Special Topics in Offensive Security Fall 2019
Special Topics in Offensive Security is a graduate course that explores the tools and techniques used to attack systems, networks, and software. The course goals are the following:
- Provide both theoretical and working knowledge of popular vulnerability classes and how to exploit them
- Enumerate deployed defense classes and how to bypass them
- Examine techniques for discovering 0-day vulnerabilities and developing proof-of-concept exploits
- Provide hands-on experience in the stages of typical attack campaigns
Topics covered by this course include:
- Security foundations
- Memory corruption
- Reverse engineering
- Privilege escalation
- Attack persistence
- Data exfiltration
Upon completion of this course, students will be able to:
- Discover previously-unknown vulnerabilities in compiled code using dynamic testing and manual reverse engineering
- Develop proof-of-concept exploits for discovered vulnerabilities that bypass state-of-the-art defenses
- Integrate exploits into multi-stage targeted attack campaigns
- Class meetings TBD
- Office hours TBD
- TA hours TBD
Grades will be assigned based on the completion of projects and class participation.
This seminar course assumes that you have significant “programming maturity” and that you have prior experience with basic software exploitation.
As a concrete example for calibration purposes: Exploiting a simple stack-based buffer overflow should take you on the order of an hour. On the other hand, if this would take you a week, then you would be better served by taking an introductory security course instead.
Cheating. Work submitted for grading must represent your own effort. Group work is not allowed unless a problem statement specifically states otherwise. Similarly, use of third-party content (for code, whether as a library, service, or in source form) is only permissible in the context of the allowances explicitly made as part of a problem statement. “Use” in this context refers not only to copying in the cut-and-paste sense, but any content derived from third-party work. A non-exhaustive list of plagiarism examples include:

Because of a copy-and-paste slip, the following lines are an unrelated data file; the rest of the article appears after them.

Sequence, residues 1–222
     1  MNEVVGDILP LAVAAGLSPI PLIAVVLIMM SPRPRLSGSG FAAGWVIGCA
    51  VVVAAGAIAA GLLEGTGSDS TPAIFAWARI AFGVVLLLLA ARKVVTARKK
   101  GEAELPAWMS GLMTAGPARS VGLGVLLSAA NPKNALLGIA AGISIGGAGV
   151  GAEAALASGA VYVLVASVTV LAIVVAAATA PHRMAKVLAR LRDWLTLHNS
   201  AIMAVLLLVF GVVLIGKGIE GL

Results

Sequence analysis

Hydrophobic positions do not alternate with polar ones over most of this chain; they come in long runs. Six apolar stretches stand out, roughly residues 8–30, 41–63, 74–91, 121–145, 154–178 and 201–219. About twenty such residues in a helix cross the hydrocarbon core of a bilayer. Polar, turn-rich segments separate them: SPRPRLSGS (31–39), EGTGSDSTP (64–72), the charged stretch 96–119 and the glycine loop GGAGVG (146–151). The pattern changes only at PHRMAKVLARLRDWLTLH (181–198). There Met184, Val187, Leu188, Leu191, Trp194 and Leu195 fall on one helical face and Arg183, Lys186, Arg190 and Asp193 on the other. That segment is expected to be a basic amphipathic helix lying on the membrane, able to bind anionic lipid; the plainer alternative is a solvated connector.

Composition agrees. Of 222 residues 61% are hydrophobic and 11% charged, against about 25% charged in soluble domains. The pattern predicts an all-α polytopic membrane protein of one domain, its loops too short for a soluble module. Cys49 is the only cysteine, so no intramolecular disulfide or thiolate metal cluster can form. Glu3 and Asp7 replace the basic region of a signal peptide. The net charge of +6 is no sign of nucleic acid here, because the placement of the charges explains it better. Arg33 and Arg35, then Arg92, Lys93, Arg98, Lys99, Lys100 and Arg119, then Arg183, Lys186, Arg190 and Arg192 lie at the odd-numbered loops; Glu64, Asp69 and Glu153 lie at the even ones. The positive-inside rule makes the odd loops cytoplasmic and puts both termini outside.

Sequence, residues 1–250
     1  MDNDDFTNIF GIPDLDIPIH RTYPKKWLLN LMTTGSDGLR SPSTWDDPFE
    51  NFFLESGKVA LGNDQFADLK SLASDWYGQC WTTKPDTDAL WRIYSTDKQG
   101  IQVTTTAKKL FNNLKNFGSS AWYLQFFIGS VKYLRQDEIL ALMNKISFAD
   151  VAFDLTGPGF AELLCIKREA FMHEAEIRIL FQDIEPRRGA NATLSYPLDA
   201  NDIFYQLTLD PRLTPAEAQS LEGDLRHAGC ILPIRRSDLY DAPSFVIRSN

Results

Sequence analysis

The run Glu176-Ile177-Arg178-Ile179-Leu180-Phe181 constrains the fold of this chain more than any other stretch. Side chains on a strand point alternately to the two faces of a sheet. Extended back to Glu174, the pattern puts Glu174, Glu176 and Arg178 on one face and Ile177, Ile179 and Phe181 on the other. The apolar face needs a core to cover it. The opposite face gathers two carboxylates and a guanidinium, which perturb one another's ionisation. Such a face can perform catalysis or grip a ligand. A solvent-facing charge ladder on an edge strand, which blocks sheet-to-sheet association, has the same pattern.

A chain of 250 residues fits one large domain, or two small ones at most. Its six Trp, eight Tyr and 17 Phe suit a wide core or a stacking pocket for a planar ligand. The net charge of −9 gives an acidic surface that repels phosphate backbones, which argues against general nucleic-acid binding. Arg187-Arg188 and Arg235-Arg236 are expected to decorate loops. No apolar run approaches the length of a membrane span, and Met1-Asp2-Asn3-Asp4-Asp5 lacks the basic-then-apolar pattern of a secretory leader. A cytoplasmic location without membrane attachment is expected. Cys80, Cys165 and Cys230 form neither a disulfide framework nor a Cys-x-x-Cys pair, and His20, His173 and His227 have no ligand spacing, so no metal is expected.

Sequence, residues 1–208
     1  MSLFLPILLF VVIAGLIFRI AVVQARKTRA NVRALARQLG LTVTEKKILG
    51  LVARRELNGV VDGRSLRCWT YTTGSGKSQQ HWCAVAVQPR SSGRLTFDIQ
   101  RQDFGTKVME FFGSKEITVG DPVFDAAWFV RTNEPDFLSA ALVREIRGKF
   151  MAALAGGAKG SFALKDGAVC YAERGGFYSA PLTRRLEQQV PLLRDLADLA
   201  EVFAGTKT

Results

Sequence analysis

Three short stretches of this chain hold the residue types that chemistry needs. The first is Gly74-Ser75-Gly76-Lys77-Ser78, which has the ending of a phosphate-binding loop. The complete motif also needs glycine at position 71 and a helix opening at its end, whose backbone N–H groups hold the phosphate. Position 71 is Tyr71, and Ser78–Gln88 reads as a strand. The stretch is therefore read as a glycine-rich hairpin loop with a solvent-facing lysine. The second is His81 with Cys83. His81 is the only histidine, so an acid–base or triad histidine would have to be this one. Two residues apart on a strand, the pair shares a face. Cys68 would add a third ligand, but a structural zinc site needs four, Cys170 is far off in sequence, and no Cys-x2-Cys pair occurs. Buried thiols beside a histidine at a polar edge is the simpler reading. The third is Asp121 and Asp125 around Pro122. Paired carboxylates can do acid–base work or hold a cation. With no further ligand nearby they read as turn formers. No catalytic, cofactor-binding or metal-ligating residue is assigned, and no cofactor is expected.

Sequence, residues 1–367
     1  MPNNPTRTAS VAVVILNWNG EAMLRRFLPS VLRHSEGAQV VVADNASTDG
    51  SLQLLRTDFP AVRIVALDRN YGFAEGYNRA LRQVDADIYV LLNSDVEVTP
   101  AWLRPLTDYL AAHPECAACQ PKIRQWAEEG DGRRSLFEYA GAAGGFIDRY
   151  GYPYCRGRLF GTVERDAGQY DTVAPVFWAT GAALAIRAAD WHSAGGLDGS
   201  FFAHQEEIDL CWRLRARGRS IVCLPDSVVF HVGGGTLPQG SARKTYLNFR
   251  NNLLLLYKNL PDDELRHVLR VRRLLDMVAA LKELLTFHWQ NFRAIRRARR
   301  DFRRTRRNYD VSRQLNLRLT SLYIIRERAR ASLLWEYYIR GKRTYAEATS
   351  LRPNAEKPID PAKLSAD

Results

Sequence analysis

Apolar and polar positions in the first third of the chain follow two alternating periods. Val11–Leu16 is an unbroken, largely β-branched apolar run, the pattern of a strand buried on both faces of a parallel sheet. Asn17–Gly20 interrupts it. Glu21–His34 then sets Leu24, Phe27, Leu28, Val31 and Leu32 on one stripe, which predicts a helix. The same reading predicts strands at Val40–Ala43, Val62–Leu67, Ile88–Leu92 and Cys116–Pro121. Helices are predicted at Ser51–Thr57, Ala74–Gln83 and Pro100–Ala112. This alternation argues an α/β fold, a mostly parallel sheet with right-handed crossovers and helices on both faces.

- Copying third-party code verbatim that was published in an online source code repository, forum, or other reference site such as GitHub, GitLab, Stack Overflow, Wikipedia, or similar
- Adapting an algorithm found in third-party code published online
- Collaborating on code with other students, such as adapting code written by another student or working together on a shared code base at any point
While referring to third-party code can be helpful in devising your own solution, it is also extremely dangerous as it is all too easy to plagiarize without realizing it. (It is for exactly this reason that viewing source code published online that may be relevant to a product is almost always strictly forbidden in corporate settings due to intellectual property concerns.) While discussing course material with other students is encouraged, it is strongly recommended that students refrain from viewing any third-party source code.
Cheating damages the reputation of the university as well as the grades of students who participate in the course in good faith. As such, there will be zero tolerance for cheating in this course. Students that participate in this course must acknowledge that they have read and understood the University Academic Integrity Policy. All cheating cases will be brought to the CCIS Academic Integrity Committee and to OSCCR on the first offense. Finally, all students found to be cheating will receive a failing grade on the first offense.
Grading. Late assignments will be accepted, with the caveat that grading will be penalized by a full letter grade for each day that an assignment is late. Grades may be subject to a curve.
Reference Material. There is no official textbook for this course. Instead, we will rely on lectures and readings. If you need to brush up on background material on algorithms, architecture, systems, or networks, strongly reconsider whether you satisfy the course prerequisites.
Due to the fast pace of the field, much information is only available online and thus referring to third-party online sources is encouraged. However, keep in mind that referring to third-party source code is permissible only within the constraints of the class and university academic integrity policies.
Online Discussion. Online discussion and questions will be handled through Slack, not via email. A best effort attempt will be made to respond to posts within 24 hours on weekdays during normal working hours. To ensure a timely response, do not wait to ask questions until the night before a submission deadline.
Ethics. This course covers sensitive material that includes information on how to exploit vulnerable software. Attack-oriented work must be restricted to the computing resources provided. Alternatively, students can perform this work using personal resources so long as other computing resources are not affected.
In particular, attacks performed against University resources or the open Internet are expressly prohibited. Students should also be familiar with the University Appropriate Use policy.